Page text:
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of gender (and other social factors) on our thinking. This is the direction Jane Flax takes: To the degree that thought depends upon and is articulated (to ourselves and others) in language, thought and the 'mind' itself will be socially and historically constituted. No ahistorical or transcendental standpoint exists from and by which the Real can be directly and without construction/ distortion apprehended and reported in or by thought.19

The idea seems to be that once gender (and other social factors) mediates our access to reality, it does not make sense to claim privilege for a gynocentric perspective; no perspective can tell us what's 'Real'. Many metaphysicians are likely to hear this as a bold metaphysical view (how can you tell what would distort reality without some access to undistorted reality as a basis for comparison?). Setting such concerns aside, however, the thought is clear enough: because our thinking is culturally conditioned, we are not able to discover what is really 'Real'. So any scheme of metaphysics that attempted such a project of discovery would be profoundly misguided. If one adopted this view, one might then go on to argue that a gynocentric perspective is preferable, not because women have privileged access to reality, but on the basis of other virtues, perhaps epistemic, perhaps political. This challenge goes well beyond a critique of particular metaphysical claims. So let us now turn to the broader critiques of metaphysics as a whole. Feminist anti-foundationalism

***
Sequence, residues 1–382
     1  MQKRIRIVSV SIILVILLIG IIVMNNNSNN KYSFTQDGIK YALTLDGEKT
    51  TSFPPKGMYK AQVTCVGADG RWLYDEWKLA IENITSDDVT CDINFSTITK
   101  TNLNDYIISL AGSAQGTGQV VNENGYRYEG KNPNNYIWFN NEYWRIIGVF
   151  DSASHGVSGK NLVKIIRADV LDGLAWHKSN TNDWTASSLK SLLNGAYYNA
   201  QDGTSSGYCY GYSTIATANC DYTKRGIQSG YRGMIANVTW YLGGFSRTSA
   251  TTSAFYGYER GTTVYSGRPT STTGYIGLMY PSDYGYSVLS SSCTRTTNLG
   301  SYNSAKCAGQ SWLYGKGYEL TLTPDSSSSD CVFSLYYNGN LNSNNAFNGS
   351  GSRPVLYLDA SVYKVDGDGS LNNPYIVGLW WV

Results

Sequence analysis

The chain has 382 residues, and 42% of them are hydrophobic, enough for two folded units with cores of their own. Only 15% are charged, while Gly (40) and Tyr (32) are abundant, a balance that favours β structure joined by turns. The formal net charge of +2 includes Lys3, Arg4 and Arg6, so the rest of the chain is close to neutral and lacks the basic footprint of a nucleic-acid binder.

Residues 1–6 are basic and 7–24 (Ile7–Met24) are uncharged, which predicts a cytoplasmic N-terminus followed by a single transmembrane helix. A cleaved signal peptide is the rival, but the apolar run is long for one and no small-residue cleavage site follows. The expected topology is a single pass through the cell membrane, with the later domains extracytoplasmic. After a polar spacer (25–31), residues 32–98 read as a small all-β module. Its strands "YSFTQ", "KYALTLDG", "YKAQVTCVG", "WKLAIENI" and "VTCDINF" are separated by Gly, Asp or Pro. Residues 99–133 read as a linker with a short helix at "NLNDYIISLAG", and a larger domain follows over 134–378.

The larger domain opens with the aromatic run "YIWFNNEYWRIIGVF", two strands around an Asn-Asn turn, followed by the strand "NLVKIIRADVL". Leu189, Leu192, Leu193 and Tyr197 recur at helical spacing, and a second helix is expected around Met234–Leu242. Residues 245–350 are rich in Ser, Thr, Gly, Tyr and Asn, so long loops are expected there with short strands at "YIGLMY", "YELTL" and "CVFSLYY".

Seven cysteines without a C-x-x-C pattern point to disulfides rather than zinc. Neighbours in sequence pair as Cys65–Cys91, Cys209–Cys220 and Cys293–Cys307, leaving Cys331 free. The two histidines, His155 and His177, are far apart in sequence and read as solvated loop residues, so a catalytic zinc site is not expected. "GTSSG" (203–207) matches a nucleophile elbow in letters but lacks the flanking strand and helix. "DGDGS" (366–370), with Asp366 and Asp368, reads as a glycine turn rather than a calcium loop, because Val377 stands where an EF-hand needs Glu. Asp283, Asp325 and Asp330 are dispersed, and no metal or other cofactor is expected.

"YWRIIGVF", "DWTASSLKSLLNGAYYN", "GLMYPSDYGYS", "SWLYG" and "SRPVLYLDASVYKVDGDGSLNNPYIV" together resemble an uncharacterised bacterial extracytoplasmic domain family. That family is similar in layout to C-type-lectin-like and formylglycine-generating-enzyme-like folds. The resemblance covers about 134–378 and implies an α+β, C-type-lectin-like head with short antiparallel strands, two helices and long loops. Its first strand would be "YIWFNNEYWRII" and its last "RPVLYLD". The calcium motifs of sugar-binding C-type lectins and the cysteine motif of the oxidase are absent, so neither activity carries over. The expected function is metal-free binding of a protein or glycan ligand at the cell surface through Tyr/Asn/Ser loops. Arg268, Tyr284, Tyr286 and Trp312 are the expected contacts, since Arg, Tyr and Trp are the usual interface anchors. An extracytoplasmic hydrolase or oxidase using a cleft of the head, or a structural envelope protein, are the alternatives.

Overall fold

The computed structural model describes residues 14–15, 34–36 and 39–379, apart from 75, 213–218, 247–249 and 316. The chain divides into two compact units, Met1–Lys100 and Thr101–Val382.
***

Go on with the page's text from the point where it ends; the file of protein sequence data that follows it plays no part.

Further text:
In describing the subject area of metaphysics (in my introduction), I set out what I take to be the central questions without saying much about the method for addressing them, or more generally, the epistemology of metaphysical inquiry. What methods should we employ to analyse our basic concepts or to discover the categories of being? Suppose it is true that we don't have 'direct' access to reality. Does it follow that the project of metaphysics is impossible or indefensible? It is difficult to emphasize too strongly that method has always been a matter of controversy within metaphysics. Unsurprisingly, method in metaphysics has reflected the influence of broader trends in epistemology. In periods where foundationalist epistemology was dominant, foundationalism tended to be dominant in metaphysics. (By foundationalism I mean here the philosophical view that a belief is justified only if it is itself certain, or is derivable from premises that are certain.) But in periods where foundationalism has been questioned, metaphysicians have worked with